iASPPC6 compositions may be combined, if desired, with a pharmaceutically-acceptable carrier. The term "pharmaceutically-acceptable carrier" as used herein means one or more compatible solid or liquid fillers, diluents or encapsulating substances which are suitable for administration into a human. The term "carrier" denotes an organic or inorganic ingredient, natural or synthetic, with which the active ingredient is combined to facilitate the application. The components of the pharmaceutical compositions also are capable of being co-mingled with the molecules of the present invention, and with each other, in a manner such that there is no interaction which would substantially impair the desired pharmaceutical efficacy.
The pharmaceutical compositions may contain suitable buffering agents, including: acetic acid in a salt; citric acid in a salt; boric acid in a salt; and phosphoric acid in a salt.
The pharmaceutical compositions also may contain, optionally, suitable preservatives, such as: benzalkonium chloride; chlorobutanol; parabens and thimerosal.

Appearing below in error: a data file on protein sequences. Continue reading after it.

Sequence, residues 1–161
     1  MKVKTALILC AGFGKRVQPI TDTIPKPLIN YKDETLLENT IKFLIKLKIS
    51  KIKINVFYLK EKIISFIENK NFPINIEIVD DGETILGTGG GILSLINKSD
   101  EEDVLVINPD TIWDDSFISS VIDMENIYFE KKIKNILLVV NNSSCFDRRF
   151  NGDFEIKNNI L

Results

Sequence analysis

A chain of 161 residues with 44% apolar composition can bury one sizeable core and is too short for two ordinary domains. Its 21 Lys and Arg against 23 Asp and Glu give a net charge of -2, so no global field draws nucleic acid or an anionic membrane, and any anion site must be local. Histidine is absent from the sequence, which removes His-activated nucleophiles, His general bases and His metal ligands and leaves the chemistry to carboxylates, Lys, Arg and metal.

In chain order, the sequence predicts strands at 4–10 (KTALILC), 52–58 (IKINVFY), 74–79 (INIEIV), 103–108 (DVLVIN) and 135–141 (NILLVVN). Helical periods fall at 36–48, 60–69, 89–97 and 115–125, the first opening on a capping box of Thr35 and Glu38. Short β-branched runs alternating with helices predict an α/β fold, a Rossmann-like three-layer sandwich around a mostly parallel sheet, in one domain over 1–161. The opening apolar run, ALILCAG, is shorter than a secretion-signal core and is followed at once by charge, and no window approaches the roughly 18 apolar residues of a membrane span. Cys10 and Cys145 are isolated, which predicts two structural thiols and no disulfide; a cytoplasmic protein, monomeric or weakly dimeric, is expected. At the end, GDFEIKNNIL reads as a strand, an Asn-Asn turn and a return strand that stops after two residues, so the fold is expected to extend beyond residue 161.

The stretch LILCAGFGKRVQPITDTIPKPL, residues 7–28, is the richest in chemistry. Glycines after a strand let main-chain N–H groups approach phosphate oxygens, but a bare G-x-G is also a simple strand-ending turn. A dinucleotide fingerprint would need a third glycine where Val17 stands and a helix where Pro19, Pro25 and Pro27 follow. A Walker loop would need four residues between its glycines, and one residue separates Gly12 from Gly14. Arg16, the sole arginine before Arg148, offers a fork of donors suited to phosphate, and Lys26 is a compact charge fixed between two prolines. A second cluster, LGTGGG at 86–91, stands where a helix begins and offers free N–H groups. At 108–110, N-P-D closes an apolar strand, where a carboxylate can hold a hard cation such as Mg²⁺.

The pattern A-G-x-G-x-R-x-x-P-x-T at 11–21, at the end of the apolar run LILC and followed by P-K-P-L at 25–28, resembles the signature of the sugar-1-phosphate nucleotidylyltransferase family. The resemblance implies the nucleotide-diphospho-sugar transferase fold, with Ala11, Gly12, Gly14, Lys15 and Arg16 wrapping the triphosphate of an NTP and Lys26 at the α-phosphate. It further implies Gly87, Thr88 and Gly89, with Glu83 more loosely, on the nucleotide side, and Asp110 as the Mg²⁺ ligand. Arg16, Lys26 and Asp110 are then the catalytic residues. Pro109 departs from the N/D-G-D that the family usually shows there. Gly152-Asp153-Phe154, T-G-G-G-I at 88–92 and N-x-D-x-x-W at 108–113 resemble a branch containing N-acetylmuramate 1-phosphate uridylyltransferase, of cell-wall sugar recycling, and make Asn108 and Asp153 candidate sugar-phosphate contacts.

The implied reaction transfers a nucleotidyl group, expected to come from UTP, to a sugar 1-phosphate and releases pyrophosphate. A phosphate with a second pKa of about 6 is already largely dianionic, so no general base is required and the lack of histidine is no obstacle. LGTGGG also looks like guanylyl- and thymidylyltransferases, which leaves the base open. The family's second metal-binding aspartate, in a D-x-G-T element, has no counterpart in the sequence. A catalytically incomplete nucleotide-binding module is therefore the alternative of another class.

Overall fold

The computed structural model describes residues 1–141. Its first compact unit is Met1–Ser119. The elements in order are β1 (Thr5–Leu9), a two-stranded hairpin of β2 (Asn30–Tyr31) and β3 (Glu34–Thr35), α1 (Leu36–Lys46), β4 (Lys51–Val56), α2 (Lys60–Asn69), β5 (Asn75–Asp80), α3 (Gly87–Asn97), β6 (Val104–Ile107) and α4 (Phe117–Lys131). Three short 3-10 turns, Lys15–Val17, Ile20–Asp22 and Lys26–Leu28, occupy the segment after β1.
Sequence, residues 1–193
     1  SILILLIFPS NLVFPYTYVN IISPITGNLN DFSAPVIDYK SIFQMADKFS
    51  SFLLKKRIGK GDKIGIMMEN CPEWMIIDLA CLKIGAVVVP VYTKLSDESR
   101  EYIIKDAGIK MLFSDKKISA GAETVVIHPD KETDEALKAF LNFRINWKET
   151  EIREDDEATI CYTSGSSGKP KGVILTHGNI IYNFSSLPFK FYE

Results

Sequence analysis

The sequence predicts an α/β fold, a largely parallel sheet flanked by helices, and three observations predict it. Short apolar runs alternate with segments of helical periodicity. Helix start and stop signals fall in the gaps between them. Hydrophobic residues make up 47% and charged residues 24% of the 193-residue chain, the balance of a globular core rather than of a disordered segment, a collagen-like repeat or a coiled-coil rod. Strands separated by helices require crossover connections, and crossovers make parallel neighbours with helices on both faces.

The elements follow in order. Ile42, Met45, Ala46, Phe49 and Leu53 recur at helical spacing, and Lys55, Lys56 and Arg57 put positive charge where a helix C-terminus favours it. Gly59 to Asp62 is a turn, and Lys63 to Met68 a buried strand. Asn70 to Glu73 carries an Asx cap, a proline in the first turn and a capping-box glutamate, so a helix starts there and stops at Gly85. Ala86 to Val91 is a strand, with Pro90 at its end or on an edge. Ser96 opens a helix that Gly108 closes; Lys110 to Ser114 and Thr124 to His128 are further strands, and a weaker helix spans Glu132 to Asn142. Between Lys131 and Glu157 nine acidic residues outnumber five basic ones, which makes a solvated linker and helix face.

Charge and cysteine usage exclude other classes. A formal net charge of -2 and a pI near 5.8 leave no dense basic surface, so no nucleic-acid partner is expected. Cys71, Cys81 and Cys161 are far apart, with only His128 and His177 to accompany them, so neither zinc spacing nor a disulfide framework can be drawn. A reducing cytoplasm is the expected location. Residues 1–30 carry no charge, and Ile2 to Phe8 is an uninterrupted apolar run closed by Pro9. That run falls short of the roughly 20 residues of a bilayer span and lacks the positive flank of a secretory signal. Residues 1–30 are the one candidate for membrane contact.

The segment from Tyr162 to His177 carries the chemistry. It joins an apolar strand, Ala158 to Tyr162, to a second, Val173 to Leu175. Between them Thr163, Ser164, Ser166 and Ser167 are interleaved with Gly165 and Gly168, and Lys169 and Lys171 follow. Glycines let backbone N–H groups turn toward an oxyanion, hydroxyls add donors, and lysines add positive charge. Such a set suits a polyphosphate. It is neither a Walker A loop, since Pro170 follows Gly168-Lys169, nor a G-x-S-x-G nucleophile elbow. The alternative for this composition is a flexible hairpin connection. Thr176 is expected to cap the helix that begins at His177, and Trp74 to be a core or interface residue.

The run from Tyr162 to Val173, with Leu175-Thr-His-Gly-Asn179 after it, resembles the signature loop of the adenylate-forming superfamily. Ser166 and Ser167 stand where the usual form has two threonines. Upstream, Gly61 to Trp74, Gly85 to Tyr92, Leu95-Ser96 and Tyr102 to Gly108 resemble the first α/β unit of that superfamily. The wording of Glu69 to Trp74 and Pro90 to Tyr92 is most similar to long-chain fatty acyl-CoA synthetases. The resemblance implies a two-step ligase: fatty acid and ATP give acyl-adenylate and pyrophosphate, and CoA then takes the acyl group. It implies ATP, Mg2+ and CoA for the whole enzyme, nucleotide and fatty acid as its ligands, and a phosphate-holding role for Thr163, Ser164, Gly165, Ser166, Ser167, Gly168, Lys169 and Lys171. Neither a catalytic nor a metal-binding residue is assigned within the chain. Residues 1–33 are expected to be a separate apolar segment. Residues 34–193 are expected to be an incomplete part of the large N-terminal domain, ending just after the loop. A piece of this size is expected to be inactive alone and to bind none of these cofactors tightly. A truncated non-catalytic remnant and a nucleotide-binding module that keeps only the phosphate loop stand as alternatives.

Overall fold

The pharmaceutical compositions may conveniently be presented in unit dosage form and may be prepared by any of the methods well-known in the art of pharmacy. All methods include the step of bringing the active agent into association with a carrier which constitutes one or more accessory ingredients. In general, the compositions are prepared by uniformly and intimately bringing the active compound into association with a liquid carrier, a finely divided solid carrier, or both, and then, if necessary, shaping the product.
Compositions suitable for oral administration may be presented as discrete units, such as capsules, tablets, lozenges, each containing a predetermined amount of the active compound. Other compositions include suspensions in aqueous liquids or non-aqueous liquids such as a syrup, elixir or an emulsion.